Why Nintendo will endure

Why Nintendo will endure

Over the last few weeks my 3DS and I have revitalised our relationship. I’ve been playing Fantasy Life and focusing on completing all the Streetpass games, which I never really invested much time in before. I had previously dismissed the Streetpass mechanic as lousy, as I just did not believe that there would be enough fellow 3DS owners in Australia for the mechanic to work – I am happy to say I was wrong. But my love of Streetpass is not the focus of this recount. Instead, it is the way you purchase new games in the Streetpass Plaza. Gone is the simple menu, through which you scroll and select the product you wish to buy. Now, when you express your interest in a new title, a personified rabbit store-clerk jumps out of his rabbit hole to ask if you’d like to know more about the product before purchasing. Mr. Rabbit is equipped with a datapad, which he uses to show you screenshots of the product in question, and will become humbly thrilled if you decide to purchase the game without hearing his spiel. Even if you decide not to buy the title after hearing all his information, he is nothing but courteous towards his potential customer. This is what it feels like to shop in Japan. Shopping is not the familiar experience of finding what you want and handing over the money; in Japan, the high level of service transforms the experience into something else entirely. The fact that Nintendo‘s investment in customer satisfaction extends to the effort of programming and animating a store clerk to help you with in-game purchases is a feature I never would have imagined.  It’s certainly not something I would expect from any other games company, and exemplifies the company’s uniqueness which, I believe, is the reason it will endure.

Every time I meet someone new, and we begin to inch towards realising our common love of games, I find Nintendo is a great place to start relating to one another. As a student of Japanese, it is especially rare for me to meet another Japanese learner who was not, at least partially, inspired to learn Japanese thanks to games like Nintendo’s. I think my University colleague put it best when he said “Nintendo will always hold a special place in our hearts”. In today’s super competitive AAA market, with companies like RockstarUbisoft and EA churning out more GTAAssassin’s Creed and FIFA titles than I can keep track of, I find the release schedule of Nintendo refreshing. There may not be as much choice for 3DS and Wii U owners, but these players know when they buy a Nintendo title that there is never a risk of bugs, and certainly the title will always be playable upon purchase.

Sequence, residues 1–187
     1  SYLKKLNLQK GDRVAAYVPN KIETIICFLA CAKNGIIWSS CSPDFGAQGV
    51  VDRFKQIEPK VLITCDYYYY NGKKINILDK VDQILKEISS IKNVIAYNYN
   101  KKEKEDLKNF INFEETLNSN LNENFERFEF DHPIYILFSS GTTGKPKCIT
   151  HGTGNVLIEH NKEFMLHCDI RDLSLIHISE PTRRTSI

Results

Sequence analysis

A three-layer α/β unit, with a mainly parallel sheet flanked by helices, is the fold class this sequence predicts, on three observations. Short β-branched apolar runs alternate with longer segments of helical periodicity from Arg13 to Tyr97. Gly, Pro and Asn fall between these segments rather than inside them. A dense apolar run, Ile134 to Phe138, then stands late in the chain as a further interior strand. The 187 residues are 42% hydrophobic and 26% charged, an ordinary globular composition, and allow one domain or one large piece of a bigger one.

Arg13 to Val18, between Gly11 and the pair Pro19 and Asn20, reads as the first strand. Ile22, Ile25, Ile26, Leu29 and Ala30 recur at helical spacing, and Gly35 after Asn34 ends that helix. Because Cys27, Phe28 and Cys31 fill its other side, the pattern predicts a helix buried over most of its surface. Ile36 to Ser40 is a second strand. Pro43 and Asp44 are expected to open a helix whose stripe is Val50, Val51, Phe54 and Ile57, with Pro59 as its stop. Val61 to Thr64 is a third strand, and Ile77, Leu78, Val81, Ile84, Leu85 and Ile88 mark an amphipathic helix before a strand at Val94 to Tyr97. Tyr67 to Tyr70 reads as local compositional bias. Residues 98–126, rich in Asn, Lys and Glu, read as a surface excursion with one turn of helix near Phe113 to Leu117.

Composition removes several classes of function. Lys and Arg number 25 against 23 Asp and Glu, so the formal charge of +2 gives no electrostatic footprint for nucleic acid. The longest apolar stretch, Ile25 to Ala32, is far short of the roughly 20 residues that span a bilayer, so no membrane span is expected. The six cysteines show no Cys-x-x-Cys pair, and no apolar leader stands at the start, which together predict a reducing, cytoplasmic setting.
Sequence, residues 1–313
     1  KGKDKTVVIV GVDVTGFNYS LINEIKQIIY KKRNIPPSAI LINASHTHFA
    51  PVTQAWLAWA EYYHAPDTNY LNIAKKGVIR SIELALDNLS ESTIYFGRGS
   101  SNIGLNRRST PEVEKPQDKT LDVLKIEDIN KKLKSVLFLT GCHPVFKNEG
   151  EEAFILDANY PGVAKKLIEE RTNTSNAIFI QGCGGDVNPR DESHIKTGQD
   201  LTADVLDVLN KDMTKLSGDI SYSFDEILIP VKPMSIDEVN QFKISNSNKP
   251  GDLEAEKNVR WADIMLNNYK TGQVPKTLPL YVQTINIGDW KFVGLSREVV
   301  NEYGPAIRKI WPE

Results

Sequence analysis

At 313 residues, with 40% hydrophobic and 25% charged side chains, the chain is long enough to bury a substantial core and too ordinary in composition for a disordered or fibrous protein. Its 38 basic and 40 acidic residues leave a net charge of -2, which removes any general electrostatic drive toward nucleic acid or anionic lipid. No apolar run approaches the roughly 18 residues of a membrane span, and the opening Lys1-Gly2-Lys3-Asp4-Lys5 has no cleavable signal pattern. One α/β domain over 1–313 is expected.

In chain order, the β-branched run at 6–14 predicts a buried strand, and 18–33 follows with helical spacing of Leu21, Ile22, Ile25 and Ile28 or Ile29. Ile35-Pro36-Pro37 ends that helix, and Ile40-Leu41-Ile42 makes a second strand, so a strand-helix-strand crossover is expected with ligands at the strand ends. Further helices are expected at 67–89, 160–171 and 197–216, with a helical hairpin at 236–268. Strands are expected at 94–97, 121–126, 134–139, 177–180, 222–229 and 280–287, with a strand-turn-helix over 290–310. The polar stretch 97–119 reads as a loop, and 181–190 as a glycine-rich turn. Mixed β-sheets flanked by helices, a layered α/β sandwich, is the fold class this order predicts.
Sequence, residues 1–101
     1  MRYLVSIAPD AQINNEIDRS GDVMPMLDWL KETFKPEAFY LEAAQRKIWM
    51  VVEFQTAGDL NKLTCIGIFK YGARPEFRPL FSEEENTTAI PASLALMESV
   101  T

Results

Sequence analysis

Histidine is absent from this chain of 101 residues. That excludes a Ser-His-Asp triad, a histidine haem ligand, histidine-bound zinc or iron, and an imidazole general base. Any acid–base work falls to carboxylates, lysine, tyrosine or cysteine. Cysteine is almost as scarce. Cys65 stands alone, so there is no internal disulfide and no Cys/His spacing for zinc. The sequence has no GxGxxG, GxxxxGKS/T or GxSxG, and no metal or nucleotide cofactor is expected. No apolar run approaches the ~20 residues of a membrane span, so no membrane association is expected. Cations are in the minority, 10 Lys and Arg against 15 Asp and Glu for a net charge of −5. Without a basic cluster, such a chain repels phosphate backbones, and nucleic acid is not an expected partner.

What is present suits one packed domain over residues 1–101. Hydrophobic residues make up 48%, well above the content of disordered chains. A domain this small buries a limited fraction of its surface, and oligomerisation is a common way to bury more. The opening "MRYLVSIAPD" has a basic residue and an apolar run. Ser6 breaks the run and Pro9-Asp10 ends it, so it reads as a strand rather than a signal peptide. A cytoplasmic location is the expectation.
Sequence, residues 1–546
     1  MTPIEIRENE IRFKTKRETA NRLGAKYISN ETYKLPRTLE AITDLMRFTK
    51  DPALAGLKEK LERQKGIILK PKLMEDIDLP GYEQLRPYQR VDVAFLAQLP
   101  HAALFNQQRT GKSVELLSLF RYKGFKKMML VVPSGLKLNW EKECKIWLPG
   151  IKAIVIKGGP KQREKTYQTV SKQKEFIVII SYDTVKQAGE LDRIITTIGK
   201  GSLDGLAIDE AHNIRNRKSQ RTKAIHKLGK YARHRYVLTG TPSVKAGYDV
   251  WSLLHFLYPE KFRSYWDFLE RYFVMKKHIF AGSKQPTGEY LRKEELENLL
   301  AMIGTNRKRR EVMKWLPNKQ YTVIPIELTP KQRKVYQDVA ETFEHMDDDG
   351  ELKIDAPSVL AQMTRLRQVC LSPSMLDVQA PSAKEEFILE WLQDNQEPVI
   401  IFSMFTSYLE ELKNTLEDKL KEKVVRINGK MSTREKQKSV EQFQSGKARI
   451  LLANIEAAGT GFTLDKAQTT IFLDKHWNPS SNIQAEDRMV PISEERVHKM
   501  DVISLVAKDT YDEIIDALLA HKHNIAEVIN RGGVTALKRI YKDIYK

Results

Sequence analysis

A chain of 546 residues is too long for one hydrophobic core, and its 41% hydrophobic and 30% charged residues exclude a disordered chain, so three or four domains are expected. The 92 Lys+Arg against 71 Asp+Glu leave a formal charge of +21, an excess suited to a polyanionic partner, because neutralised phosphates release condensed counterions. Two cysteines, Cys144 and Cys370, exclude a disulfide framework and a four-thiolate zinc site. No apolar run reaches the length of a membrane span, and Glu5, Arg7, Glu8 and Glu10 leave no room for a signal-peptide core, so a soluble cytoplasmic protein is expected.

It sounds very stereotypical, but as someone who has experienced life in Japan I can tell you truly that the reason Nintendo holds these high standards is, at least partly, thanks to the company’s cultural background. The level of service in Japan is world-famous for very good reason, and somehow in the competitive AAA game release environment, Nintendo has determinedly held onto this quality. While some deplore Nintendo for their perceived lack of range, high prices, reputation for “kids games”, or general unwillingness to “change with the times”, in doing so they miss out on something wonderful. Both the DS and the Wii U are extremely innovative consoles, and the DS in particular has been extremely successful, selling over 154.01 million units during its lifetime. Back in December 2012, when the release of the Wii U was just around the corner, I somehow convinced my parents that, despite having reached adulthood, the new console was what I needed for Christmas. The gamepad looked like it could provide innovative new gaming experiences, and, as a Nintendo product I trusted it to deliver. Despite the small range of launch titles it was an awesome gift. With Nintendoland alone, the Wii U delivered. It is, by far, the best multi-player or ‘party console’ on the market, and I continue to love it to this day. The quality of the titles, and the new mechanics made possible by the Wii U’s hardware did not disappoint. And it was not just the shiny, ‘new’ feeling that made the Wii U so exciting. Ever since that Christmas each release of a new major Nintendo game has seen my household wile away many hours excitedly screaming at each other as we enjoy the new title.

Nintendo’s recently announced deal with mobile company DeNA, which will see them move into the mobile market for the first time in the company’s history, is an extremely exciting prospect, and evidence that Nintendo can, and will, always be there for us.

Since first travelling to Japan at the age of fifteen, most of my life has revolved around trying to learn Japanese, and unravel the mysteries of the country’s culture. Gaming ranks just behind this obsession. I enjoy video games – particularly RPGs and Strategy – but my main interest is in tabletop role playing games and board games. Writing ranks third – luckily I get plenty of opportunities to write about Japan and games, so it all works out.

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